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Season 9 - Episode 4

Masculine Prounouns

5 min - Tutorial
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Anuradha, with the help of our friend Clark, explains and demonstrates the intricacy of masculine pronouns in the third person in the Sanskrit language.
What You'll Need: No props needed

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Mar 25, 2016
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I'm so happy to have with us today, Kira's father, Clark. Clark, thank you very much for accepting to be a model on this show, and it's a privilege to have you here. Clark is going to help us discover the intricacies of Sanskrit pronouns for the masculine gender. All right, so here we go. Clark, when I'm away from him, I would say sa-ha-clark, sa-ha-clark.

Now I am exaggerating the a-h, the aspirate sound at the end, but it's actually sa-ha-clark. So just for you to hear it clearly, sa-ha-clark with an exaggeration could be sa-ha-clark, sa-ha-clark. If I may ask you, ca-ha-clark, ca-ha is who is, so who is Clark, ca-ha-clark, and we would say sa-ha-clark, brilliant. Once more, I'll ask you and you answer, ca-ha-clark, did you say that right, sa-ha-clark, brilliant. So that's when I'm indicating an object of the masculine gender which is far, sa-ha.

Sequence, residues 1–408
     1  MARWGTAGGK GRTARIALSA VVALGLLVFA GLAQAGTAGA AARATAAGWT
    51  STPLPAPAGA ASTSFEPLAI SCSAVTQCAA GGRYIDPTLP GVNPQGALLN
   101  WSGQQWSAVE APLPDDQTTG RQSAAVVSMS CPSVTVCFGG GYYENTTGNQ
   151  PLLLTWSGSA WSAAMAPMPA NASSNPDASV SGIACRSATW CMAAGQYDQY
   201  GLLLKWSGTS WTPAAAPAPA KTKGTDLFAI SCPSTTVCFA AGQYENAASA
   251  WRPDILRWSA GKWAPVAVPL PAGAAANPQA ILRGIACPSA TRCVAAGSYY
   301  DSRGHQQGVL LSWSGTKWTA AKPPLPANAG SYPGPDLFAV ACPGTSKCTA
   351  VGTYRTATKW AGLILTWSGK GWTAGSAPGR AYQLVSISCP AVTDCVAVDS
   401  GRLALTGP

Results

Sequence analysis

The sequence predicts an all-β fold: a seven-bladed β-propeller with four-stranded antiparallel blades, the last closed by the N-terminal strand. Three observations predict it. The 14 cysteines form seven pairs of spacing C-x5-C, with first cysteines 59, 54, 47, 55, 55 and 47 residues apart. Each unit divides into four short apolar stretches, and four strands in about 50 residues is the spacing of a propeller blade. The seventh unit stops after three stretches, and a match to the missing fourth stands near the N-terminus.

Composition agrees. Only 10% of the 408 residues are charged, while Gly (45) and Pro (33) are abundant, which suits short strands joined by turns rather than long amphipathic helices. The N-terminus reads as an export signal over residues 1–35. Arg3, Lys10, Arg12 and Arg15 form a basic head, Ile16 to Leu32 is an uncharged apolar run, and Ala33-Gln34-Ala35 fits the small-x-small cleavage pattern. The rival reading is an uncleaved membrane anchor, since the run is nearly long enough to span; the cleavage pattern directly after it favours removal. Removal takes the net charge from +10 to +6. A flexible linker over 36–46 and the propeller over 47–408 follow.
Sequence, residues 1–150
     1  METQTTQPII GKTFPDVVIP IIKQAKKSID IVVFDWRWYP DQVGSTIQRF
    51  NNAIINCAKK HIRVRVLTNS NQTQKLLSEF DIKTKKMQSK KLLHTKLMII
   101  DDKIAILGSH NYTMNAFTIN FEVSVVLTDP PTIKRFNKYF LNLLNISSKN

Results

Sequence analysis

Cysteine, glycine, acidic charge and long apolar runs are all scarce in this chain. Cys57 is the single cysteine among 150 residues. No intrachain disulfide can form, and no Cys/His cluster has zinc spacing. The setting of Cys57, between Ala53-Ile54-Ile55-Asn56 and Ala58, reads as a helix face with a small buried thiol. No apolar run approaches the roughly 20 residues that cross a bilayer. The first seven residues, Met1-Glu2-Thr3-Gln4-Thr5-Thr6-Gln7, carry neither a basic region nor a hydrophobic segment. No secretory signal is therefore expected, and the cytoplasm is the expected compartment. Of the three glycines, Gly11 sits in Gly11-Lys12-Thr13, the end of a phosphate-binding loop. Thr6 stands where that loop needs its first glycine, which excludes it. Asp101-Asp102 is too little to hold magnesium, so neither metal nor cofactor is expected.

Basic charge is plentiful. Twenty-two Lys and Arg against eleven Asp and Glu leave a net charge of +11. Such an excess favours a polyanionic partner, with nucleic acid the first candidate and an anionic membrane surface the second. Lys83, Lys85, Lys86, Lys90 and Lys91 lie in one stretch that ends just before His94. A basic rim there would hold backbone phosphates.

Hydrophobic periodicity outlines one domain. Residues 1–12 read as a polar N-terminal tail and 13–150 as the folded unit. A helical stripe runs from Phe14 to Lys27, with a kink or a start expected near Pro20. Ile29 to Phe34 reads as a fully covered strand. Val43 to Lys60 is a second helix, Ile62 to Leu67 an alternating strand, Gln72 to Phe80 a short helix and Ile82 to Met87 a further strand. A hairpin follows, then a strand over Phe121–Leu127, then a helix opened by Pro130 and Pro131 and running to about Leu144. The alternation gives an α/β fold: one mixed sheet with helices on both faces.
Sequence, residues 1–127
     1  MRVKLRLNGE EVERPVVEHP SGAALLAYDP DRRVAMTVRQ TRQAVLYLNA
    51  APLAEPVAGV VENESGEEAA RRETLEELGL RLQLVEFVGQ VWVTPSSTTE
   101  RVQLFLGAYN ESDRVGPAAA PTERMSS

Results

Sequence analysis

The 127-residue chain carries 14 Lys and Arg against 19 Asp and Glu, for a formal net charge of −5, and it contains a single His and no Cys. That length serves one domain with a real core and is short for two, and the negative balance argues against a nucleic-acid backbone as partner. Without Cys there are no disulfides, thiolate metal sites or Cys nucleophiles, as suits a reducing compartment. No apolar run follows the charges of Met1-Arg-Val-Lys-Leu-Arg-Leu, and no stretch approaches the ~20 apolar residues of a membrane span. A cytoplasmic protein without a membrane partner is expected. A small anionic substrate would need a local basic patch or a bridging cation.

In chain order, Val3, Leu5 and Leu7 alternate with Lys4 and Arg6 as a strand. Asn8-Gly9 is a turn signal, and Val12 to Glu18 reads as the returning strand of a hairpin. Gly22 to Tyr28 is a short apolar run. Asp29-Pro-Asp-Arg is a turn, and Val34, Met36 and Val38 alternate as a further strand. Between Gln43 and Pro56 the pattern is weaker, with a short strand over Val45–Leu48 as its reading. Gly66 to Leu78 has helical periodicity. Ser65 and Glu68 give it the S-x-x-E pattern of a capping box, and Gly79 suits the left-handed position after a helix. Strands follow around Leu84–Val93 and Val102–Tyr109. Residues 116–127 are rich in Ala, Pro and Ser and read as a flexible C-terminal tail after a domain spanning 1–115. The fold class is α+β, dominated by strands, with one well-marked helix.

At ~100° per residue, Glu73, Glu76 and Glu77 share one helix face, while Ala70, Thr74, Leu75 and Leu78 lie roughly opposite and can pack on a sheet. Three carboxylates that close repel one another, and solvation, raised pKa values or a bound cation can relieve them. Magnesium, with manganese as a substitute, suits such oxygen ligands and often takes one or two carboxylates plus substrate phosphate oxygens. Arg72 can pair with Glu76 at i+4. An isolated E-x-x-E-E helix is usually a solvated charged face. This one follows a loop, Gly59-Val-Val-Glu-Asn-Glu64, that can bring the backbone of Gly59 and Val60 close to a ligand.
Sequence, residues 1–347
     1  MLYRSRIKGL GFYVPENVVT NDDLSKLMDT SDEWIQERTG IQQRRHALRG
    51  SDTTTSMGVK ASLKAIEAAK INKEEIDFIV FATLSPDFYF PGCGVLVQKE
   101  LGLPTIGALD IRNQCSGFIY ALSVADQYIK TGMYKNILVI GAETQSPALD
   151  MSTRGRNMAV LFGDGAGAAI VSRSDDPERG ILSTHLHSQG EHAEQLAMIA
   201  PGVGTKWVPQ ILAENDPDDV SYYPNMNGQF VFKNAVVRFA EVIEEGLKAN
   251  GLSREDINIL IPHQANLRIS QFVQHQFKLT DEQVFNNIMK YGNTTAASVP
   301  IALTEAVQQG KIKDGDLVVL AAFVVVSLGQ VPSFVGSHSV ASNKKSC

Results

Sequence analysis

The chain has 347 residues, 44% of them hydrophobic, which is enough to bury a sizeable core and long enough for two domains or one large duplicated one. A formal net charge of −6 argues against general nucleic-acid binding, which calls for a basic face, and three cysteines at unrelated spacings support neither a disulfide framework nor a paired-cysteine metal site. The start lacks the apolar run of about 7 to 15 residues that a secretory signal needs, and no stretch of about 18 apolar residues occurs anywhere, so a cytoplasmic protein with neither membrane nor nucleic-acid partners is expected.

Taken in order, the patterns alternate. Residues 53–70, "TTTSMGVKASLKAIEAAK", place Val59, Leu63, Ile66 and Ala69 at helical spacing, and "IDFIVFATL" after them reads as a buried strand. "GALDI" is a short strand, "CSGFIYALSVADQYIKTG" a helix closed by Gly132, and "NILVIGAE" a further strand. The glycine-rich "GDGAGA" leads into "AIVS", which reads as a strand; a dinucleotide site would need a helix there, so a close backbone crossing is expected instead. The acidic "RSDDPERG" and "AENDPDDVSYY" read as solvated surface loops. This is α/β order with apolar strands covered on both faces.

So it tells me distance as well as it tells me about the gender. Now if I go close to the person, becomes a-sha-ha-clark, a-sha-ha-clark, got that? If I go away, it is sa-ha-clark and if I come close, it is a-sha-ha-clark, did you get that? Now I'll show it to you both together. So if I come close to my guru, Sri Aravindo, I would say sa-ha-clark and a-sha-ha-shri Aravindaha.

In Sanskrit, we prefer having vowels at the end of the word. It makes it easy to give it the different forms. So with Clark's permission, I will give a little Sanskrit ending to his name. So that would be sa-ha-clark-ha, sa-ha-clark-ha and this would be a-sha-ha-shri Aravindaha, a-sha-ha-shri Aravindaha and you would actually feel the masculine quality of this because it is sa-ha, it's like sa-ha-clark-ha. So I hope you've got that right, sa-ha, a-sha-ha and the question, ka-ha.

Once more sa-ha, a-sha-ha, ka-ha. So just doing this with you once again to get it clear in English as well, we would say sa-ha-clark-ha. That is Clark and if it is closed by, you would say a-sha-ha-shri Aravindaha. This is Shri Aravindoh and the question is ka-ha-clark-ha. Who is?

But the who because it is ka-ha gives the listener the idea that we are talking about a male object or a male person. So ka-ha-clark-ha, join sa-ha-clark-ha, brilliant, thank you.


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